The study, which included 90 people of both genders, took place over a span of three months and looked at patients that all had high levels of cholesterol but no other underlying health-related conditions. According to Professor Hendrich, it is the flaxseed ‘lignans’ – a plant-based chemical compound group known for its protective health properties – that is responsible for helping lower cholesterol levels. “There are certainly some people who would prefer not to use a drug,” Hendrich says, “but rather use foods to maintain their health. This potentially would be something to consider.” Hendrich believes that where men in particular are concerned, the properties in flaxseeds make it a wonderful natural, long-term alternative for those who would rather opt for nature than drugs.

This doesn’t mean that women should despair however. In another significant study conducted, women who added as little as 50 grams of ground flaxseed to their daily diets for four weeks were shown to have lowered LDL (bad) cholesterol levels by 18%, without touching the HDL (good) cholesterol levels. Gene Bruno, Dean of Academics at Huntington College of Health Sciences, wrote in his 2008 article that flaxseed research has also shown major serum lipid level reduction by about 8% – an effect traditionally achieved through the consumption of fish oils.

In another study involving only female volunteers and the consumption of 50 grams of flaxseed for a month, serum lipid levels went down by about 9%. Bruno also states that the lignans in flaxseeds have been found to possess anti-platelet activating properties – essential in preventing platelets in the bloodstream from clumping, rupturing, and creating harmful clots that can lead to heart-attacks and strokes, making flaxseed a premium health option.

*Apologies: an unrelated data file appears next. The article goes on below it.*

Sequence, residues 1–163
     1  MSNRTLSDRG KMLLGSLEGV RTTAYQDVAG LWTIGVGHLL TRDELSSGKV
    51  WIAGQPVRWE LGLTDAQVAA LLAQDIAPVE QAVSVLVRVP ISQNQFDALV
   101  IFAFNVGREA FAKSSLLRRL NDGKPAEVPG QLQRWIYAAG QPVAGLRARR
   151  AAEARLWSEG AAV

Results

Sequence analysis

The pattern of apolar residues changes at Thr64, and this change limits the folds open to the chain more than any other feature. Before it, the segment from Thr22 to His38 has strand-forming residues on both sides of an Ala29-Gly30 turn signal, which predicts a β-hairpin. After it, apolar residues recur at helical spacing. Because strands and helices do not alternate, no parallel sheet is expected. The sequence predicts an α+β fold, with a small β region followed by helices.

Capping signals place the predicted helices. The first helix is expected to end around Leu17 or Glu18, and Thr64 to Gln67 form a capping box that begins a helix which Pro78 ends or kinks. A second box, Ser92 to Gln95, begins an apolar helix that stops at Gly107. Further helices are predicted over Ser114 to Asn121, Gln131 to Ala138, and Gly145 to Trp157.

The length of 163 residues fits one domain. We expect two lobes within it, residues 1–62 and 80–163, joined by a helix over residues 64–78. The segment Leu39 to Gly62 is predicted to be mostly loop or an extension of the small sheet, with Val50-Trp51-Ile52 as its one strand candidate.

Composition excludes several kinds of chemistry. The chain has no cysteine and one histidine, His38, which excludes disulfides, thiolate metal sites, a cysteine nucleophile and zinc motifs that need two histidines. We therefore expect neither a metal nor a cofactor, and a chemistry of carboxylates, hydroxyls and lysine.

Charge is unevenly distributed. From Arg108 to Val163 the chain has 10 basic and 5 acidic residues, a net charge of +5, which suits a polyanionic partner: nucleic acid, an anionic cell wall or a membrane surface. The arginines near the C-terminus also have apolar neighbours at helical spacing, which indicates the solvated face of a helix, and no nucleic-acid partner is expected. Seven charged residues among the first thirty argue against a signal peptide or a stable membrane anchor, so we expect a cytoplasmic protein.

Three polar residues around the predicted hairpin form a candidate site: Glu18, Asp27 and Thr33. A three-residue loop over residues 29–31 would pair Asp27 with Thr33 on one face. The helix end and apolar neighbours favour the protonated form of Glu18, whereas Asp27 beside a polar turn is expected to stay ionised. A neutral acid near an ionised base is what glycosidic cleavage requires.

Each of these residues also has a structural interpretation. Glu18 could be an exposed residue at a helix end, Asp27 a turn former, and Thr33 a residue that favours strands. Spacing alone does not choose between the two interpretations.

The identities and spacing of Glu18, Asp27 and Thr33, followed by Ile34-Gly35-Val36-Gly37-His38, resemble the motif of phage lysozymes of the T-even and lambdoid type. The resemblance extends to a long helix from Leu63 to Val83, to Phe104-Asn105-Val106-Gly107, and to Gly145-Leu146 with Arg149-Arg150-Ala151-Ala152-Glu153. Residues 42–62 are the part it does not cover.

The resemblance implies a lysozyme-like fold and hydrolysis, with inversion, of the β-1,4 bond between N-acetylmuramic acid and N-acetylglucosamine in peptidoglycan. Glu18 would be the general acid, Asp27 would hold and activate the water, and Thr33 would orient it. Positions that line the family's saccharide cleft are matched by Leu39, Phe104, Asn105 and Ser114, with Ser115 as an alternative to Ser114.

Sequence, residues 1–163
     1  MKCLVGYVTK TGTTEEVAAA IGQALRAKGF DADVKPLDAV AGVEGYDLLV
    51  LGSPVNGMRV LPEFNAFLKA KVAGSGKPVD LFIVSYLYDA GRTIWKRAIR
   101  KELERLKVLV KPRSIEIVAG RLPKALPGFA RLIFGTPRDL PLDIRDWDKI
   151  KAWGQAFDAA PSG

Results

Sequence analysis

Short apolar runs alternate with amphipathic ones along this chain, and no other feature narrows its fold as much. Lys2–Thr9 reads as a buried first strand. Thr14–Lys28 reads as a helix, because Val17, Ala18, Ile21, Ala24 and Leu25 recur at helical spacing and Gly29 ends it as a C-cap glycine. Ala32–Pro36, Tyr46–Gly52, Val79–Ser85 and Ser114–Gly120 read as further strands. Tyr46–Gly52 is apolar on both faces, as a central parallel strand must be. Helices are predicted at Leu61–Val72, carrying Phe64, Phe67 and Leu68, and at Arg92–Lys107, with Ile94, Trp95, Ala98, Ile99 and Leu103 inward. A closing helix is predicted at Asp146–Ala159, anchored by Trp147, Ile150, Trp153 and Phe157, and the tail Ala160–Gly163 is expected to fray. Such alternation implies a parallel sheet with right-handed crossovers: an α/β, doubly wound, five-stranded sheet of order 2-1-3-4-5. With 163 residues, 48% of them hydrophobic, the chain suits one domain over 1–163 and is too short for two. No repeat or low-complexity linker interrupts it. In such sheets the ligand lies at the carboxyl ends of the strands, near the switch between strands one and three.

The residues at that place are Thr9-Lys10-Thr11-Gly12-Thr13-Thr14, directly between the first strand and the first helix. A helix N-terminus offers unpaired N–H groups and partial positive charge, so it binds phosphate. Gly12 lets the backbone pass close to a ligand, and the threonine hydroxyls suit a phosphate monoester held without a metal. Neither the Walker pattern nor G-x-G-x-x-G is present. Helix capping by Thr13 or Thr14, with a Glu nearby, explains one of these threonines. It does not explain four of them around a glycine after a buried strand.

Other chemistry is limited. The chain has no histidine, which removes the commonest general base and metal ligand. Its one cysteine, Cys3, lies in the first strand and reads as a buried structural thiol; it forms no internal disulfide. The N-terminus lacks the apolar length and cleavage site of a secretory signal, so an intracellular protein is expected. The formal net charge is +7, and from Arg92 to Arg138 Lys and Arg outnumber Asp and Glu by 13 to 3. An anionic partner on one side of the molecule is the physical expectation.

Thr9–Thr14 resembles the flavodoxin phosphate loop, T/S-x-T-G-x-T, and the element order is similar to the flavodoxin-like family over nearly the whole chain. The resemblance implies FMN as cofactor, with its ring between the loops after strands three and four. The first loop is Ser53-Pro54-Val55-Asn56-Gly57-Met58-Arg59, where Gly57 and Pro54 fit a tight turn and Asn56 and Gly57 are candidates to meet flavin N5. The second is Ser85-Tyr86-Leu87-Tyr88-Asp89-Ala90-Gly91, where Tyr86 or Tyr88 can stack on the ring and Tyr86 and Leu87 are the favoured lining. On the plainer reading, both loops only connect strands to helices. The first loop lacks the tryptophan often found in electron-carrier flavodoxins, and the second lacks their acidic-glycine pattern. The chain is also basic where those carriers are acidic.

Adding flaxseeds to your daily diet is not only highly beneficial for your health, but also very easy. Sprinkling a spoon or two of either whole or ground flaxseeds daily on your food will give you not only a good dose of omega-3 fats, but also both soluble and insoluble fiber – as well as will regulate your cholesterol levels.”

Try Nushie’s Natural organic flaxseed crackers. They are fabulous source of flaxseed and very tasty. Being dehydrated and not cooked they retain the benefits of the flaxseeds.

Learn more:http://www.naturalnews.com/034025_flaxseeds_cholesterol.html#ixzz1cU8yLX4F

Why eat Organic Food? It’s Just Common Sense!

Wednesday, August 24th, 2011

As the intelligent species on this planet we humans can be pretty dumb. We often use our intelligence to rationalise what are stupid decisions. In doing so we will call on all kinds of so called scientific data or the lack thereof to justify our decisions.

In the end, plain old common sense is mostly the best arbiter of what is good for us.

Take smoking for example. You would have thought that common sense told you that wrapping up plant matter in paper and adding chemicals to it to retard the burning and then inhaling the resultant smoke could not be good for you. Still for decades people did it and kept saying there was no science that linked smoking to bad health. Well hello! Wouldn’t the heavy breathing, incessant coughing, listless feeling and uncomfortable lungs have told you that anyway? The so called “scientific proof” of the link between tobacco smoking and bad health such as cancer, emphysema and heart disease only confirmed what common sense already told us.

Now take pesticides and defoliants. Agent Orange is a good example. Agent Orange was the code name for a herbicide developed for the US military.

The purpose of the product was to deny an enemy cover and concealment in dense terrain by defoliating trees and shrubbery where the enemy could hide. The product “Agent Orange” (a code name for the orange band that was used to mark the drums it was stored in), was principally effective against broad-leaf foliage, such as the dense jungle-like terrain found in Southeast Asia.